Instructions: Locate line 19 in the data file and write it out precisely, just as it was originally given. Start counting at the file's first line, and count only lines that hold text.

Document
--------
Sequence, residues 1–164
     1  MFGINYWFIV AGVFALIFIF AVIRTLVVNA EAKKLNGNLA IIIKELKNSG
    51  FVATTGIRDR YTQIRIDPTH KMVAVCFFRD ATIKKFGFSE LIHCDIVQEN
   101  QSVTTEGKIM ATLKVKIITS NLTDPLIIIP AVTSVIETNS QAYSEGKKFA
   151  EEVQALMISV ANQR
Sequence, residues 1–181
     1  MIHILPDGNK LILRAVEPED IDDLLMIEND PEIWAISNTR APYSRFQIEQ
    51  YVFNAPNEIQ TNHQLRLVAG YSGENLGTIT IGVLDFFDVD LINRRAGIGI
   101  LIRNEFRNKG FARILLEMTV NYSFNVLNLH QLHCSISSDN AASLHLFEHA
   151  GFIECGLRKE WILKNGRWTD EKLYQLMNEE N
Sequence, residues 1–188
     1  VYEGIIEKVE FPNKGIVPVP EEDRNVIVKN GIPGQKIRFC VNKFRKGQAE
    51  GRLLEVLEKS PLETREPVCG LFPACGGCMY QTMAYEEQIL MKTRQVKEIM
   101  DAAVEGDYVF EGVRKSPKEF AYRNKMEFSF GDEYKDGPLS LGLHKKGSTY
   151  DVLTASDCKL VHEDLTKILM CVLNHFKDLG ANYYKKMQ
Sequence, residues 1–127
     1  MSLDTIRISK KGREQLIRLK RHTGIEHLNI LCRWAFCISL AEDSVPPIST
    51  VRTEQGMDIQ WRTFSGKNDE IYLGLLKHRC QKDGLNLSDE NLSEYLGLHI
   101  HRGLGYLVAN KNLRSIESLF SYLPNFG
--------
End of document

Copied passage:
   101  HRGLGYLVAN KNLRSIESLF SYLPNFG